Throckmorton had the gall to discuss the NRA. Patheos’ new owner(s) are NRA fundys.

      • That Other Jean says:

        He has also pretty well taken apart both Mark Driscoll and K. P. Yohannan (Gospel for Asia), both of whom now blog at Patheos. I suspect he trod on a few too many Evangelical toes.

      • Patriciamc says:

        Scot McKnight (Jesus Creed) is critical of the NRA. I supposed the clock’s ticking for him too.

    • Apparently some of the Pagan bloggers left voluntarily when the new owners took over; they didn’t trust them.

      I suspect Warren got booted because he didn’t fit their idea of a proper evangelical but was in the evangelical channel. If he could have been classified as a progressive or another non-evangelical (other than the Catholic channel) he likely would not have been first; those others are useful for the moment since they provide the necessary ‘persecution’ for proper evangelicals but cannot be mistaken as a group having the ’truth’ (at least from the point of view of ‘proper evangelicals’). However Warren is an evangelical and can’t be mistaken for anything else and he is honest enough to pursue the facts even if it means overturning former convictions (e.g., on how to treat homosexuality) or calling out evangelicals engaged in fraud or dubious practices.

      Those next on the chopping block are likely others in the evangelical channel who don’t adhere closely enough to the gatekeepers’ definition of evangelical or to those in other channels who could be ‘mistaken’ for evangelicals. Fred of Slactivist falls in the latter camp though as one of the most popular blogs on patheos probably brings in a fair bit of money (though I have noted that it is rarefly on the front page of the site). Fred is also one that the gatekeepers might see as modifying his future entries to fit the unspoken standards given that his real job is definitely not well paying and every little bit he earns on patheos is needed. “Intra ecclesiam nulla salus” seems to show he will not be intimidated.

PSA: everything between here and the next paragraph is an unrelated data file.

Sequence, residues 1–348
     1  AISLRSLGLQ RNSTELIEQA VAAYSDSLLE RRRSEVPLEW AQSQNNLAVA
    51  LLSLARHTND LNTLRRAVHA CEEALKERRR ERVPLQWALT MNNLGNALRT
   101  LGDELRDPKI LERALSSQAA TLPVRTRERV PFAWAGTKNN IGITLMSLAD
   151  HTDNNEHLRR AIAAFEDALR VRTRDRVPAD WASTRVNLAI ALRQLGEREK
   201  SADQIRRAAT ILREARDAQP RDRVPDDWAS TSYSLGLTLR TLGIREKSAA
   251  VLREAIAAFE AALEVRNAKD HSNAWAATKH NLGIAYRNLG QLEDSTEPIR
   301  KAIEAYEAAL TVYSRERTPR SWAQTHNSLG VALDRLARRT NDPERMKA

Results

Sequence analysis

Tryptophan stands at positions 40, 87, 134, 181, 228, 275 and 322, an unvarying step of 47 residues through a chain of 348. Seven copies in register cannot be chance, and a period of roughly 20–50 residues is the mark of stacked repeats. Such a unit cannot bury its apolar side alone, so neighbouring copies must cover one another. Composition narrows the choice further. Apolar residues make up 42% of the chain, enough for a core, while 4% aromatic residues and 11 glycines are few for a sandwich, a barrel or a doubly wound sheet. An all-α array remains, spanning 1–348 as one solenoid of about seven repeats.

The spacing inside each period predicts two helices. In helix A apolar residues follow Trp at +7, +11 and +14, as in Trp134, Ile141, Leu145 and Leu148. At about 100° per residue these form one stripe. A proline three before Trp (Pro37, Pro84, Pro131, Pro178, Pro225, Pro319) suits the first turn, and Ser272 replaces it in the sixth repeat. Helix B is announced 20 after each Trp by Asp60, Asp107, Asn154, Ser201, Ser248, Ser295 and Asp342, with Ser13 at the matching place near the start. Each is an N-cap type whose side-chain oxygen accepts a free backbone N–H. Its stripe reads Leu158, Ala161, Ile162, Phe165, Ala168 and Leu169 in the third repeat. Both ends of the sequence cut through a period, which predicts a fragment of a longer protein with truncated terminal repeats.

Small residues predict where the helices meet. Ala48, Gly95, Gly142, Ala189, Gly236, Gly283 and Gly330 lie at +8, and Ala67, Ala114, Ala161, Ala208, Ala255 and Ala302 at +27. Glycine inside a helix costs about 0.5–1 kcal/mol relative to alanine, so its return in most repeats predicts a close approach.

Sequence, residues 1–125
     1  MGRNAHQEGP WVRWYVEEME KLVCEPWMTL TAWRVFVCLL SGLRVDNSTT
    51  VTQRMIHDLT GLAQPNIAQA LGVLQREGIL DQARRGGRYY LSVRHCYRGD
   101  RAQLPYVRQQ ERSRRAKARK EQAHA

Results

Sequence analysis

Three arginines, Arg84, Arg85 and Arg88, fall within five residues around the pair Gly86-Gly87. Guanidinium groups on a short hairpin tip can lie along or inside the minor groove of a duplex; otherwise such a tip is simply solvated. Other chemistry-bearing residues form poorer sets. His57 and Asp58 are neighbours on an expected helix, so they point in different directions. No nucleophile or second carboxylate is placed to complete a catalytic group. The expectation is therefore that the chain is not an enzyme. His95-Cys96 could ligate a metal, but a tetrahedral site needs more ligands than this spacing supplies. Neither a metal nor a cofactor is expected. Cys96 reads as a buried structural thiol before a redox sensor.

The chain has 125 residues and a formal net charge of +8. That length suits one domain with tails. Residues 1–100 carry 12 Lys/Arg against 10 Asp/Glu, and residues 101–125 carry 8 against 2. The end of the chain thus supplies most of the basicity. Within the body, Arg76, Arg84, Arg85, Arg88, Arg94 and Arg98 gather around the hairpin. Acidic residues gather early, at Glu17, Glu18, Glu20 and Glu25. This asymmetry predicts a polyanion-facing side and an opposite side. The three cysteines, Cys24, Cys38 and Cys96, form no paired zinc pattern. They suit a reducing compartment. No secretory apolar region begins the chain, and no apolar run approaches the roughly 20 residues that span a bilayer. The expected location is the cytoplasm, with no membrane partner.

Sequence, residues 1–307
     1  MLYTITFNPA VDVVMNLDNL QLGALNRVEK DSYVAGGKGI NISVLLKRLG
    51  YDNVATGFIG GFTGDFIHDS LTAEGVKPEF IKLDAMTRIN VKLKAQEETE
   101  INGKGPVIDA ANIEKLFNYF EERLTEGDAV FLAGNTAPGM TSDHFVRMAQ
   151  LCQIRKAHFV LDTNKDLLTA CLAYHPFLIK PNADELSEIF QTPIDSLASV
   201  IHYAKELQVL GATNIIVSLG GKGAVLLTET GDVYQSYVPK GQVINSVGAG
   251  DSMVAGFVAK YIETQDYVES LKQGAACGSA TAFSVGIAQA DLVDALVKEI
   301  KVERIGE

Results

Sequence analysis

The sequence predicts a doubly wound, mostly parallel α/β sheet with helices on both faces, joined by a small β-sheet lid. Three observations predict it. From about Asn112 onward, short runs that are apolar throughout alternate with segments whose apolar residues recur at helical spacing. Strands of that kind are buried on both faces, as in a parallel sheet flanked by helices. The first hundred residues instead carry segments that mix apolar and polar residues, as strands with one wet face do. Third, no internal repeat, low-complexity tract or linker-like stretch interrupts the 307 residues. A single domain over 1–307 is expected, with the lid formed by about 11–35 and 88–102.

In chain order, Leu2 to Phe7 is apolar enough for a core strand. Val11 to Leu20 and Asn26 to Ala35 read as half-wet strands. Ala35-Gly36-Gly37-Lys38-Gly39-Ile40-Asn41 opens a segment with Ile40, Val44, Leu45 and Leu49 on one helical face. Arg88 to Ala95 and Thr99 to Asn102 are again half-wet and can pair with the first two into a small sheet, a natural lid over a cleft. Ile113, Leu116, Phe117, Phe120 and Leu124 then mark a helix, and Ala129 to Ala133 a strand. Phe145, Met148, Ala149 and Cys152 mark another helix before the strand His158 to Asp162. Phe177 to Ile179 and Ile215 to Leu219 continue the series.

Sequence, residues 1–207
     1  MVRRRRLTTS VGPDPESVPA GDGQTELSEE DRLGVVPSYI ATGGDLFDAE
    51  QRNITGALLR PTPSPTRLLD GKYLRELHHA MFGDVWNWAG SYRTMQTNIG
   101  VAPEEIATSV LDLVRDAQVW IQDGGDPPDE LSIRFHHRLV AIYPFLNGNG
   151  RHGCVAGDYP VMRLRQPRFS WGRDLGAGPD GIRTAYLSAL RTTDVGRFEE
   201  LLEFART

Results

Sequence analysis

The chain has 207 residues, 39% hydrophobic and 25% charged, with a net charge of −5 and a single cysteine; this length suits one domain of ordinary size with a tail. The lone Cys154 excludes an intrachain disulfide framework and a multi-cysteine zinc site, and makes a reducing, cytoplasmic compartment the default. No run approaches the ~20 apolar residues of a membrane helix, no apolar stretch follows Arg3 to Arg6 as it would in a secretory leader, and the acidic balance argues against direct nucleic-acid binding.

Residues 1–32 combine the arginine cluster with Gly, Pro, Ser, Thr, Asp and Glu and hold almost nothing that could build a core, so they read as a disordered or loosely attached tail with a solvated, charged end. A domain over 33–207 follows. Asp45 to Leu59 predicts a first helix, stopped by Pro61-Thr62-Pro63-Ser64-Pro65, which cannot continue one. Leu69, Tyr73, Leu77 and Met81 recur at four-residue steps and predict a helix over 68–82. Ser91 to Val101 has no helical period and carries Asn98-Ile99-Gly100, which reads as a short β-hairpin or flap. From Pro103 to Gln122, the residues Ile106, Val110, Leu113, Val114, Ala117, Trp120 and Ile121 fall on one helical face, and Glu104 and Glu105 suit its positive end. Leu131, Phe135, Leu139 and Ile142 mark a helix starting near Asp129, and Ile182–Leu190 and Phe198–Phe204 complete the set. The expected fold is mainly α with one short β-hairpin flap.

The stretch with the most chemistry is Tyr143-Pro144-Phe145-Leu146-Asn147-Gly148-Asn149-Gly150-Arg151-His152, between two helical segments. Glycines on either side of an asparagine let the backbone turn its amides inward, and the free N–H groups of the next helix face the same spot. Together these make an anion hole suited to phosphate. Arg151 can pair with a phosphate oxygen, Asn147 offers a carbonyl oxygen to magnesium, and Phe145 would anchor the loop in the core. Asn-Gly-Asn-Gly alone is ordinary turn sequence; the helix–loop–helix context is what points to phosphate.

10. It’s cute that the Supreme Leader watches Tom and Jerry…

  11. “GIANT PREDATORY WORMS HAVE BEEN INVADING FRANCE!!!”

    Get Fred Ward and Kevin Bacon over there immediately. 😉

  12. What a sweet deal for Patterson IMO.

    • Christiane says:

      goodness mercy . . . . will he still remain in power as the man behind the curtain pulling the strings?

      a lot of ‘secrets’ in the SBC . . . . it would benefit from some healthy radiant light put on all the shenanigans pulled on women and innocent people by Patterson et al

      maybe it’s time for an SBC Women’s ‘Me Too’ group to form and take a formal stand against the Pattersonian Patriarchists who practice a virulent misogyny and who hide behind their misinterpretation of Scripture while sinning against the Royal Law of Christ

      Women do have power to speak now. And to be heard. And taken seriously. But they have to take a STAND pro-actively and be unafraid to speak the truth. Yes, they will be targeted. But could things be any worse for them than it has been???? This is THEIR time to do what is right and to stand up. They need to think of their daughters AND their sons . . . . . men are harmed by the sin of patriarchy also.

  13. Robert F says:

    Despite my antipathy to Trump, I was hoping that meeting between him and Kim would happen, just on the off-chance that his desire for a Nobel prize to rival Obama’s and his all-around desire to be admired by everybody (even the New York Times and Washington Post), in combination with Kim’s desire to secure his hold on North Korea and life against his own people as well as outside threat, would lead to something really good. You never know. But it seems to me like Bolton and Pence intentionally threw that possibility under the bus and stabbed Trump in the back, by comparing the potential North Korean denuclearization with what happened in Libya, which we all knew beforehand would stoke Kim’s paranoia back into a full-scale conflagration. Both Pence and Bolton don’t mind thermonuclear war, since they subscribe to different versions of the same It’s All Gonna Burn Anyway school of theology; it’s a shame that Trump is too dense to realize his been clothes-lined.